A gay student caught in a battle with high school officials regarding her prom date is set to receive a $35,000 settlement from a discrimination lawsuit.
The student, Constance McMillen, was caught in the center of a recent storm of discrimination after announcing she would attend the high school prom with her girlfriend.
The Itawamba County School District then found itself in the center of a discrimination lawsuit, led by the American Civil Liberties Union (ACLU), in announcing it would cancel the prom, scheduled to be held last April 2 at Itawamba County Agricultural High School in Fulton, Mississippi.
At the time, the school board’s reasoning for the cancellation was “due to the distractions to the educational process caused by recent events,” according to a Huffington Post report.
However, thanks to the ACLU, who filed suit on Ms. McMillen’s behalf, the school district now has implemented an anti-discrimination policy based on sexual orientation or gender identity, giving new meaning to their “educational process.”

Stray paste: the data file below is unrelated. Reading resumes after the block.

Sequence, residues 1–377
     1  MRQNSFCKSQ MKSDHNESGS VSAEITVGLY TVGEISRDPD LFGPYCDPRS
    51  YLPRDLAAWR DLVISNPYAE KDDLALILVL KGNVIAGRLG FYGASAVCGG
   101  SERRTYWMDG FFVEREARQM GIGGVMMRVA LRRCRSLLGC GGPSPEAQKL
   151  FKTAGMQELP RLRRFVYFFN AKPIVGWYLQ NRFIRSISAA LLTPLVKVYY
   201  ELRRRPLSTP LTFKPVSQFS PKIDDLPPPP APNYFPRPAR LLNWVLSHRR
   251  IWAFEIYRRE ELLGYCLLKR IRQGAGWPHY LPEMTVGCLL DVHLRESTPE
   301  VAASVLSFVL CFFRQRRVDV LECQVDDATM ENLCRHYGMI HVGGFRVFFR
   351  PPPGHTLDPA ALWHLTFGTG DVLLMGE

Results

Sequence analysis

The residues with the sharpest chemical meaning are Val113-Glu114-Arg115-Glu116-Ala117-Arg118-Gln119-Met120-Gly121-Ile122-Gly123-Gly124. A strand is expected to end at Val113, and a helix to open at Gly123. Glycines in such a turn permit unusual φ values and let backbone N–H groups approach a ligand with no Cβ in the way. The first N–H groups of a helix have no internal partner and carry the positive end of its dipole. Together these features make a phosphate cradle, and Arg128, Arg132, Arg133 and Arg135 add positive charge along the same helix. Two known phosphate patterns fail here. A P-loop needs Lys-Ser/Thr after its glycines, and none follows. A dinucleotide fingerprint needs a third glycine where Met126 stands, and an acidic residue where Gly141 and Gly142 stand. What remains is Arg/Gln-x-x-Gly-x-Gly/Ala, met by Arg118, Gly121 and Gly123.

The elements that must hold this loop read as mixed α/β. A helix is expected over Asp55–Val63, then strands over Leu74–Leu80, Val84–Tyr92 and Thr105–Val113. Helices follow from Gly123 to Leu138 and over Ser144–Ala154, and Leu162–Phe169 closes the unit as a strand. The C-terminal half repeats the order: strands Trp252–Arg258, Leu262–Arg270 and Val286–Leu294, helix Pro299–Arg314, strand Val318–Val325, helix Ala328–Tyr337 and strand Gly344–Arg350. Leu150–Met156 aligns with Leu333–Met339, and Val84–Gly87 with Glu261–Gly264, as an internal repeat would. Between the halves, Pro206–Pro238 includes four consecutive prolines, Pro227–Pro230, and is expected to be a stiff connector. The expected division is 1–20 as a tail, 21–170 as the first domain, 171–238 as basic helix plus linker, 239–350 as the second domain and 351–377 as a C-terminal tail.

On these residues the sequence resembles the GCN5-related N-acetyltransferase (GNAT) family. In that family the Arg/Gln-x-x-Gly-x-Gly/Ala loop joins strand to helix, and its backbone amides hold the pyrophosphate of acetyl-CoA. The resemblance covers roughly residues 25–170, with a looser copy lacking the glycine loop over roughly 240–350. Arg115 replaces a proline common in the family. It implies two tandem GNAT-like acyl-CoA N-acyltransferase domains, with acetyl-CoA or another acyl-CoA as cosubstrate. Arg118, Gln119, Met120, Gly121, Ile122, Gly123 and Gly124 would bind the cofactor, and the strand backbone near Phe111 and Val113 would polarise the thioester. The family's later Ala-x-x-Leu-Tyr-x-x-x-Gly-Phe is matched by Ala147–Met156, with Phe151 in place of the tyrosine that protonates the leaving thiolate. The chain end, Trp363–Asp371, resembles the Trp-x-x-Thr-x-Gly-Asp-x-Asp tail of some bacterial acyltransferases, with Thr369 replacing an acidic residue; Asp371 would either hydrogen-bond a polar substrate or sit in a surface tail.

While the new policy comes as part of the settlement, school officials said in the settlement they did not believe Ms. McMillen's rights had been violated and a non-discrimination policy was in place before the incident. In the settlement, the school district also agrees to pay McMillen’s legal fees during the ordeal.
Hopeful that gay students will be treated fairly in the future, McMillen still had to change schools to finish out her studies for the academic year after receiving too much harassment at the rural school.
"I'm so glad this is all over. I won't ever get my prom back, but it's worth it if it changes things at my school," Ms McMillen said, according to BBC.
"Constance went through a great deal of harassment and humiliation simply for standing up for her rights, and she should be proud of what she has accomplished," said Christine Sun, a senior lawyer with the ACLU.
"Thanks to her bravery, we now not only have a federal court precedent that can be used to protect the rights of students all over the country to bring the date they want to their proms, but we also have the first school anti-discrimination policy of its kind in Mississippi."
Lynn Hermann (digitaljournal.com) - 21 July 2010.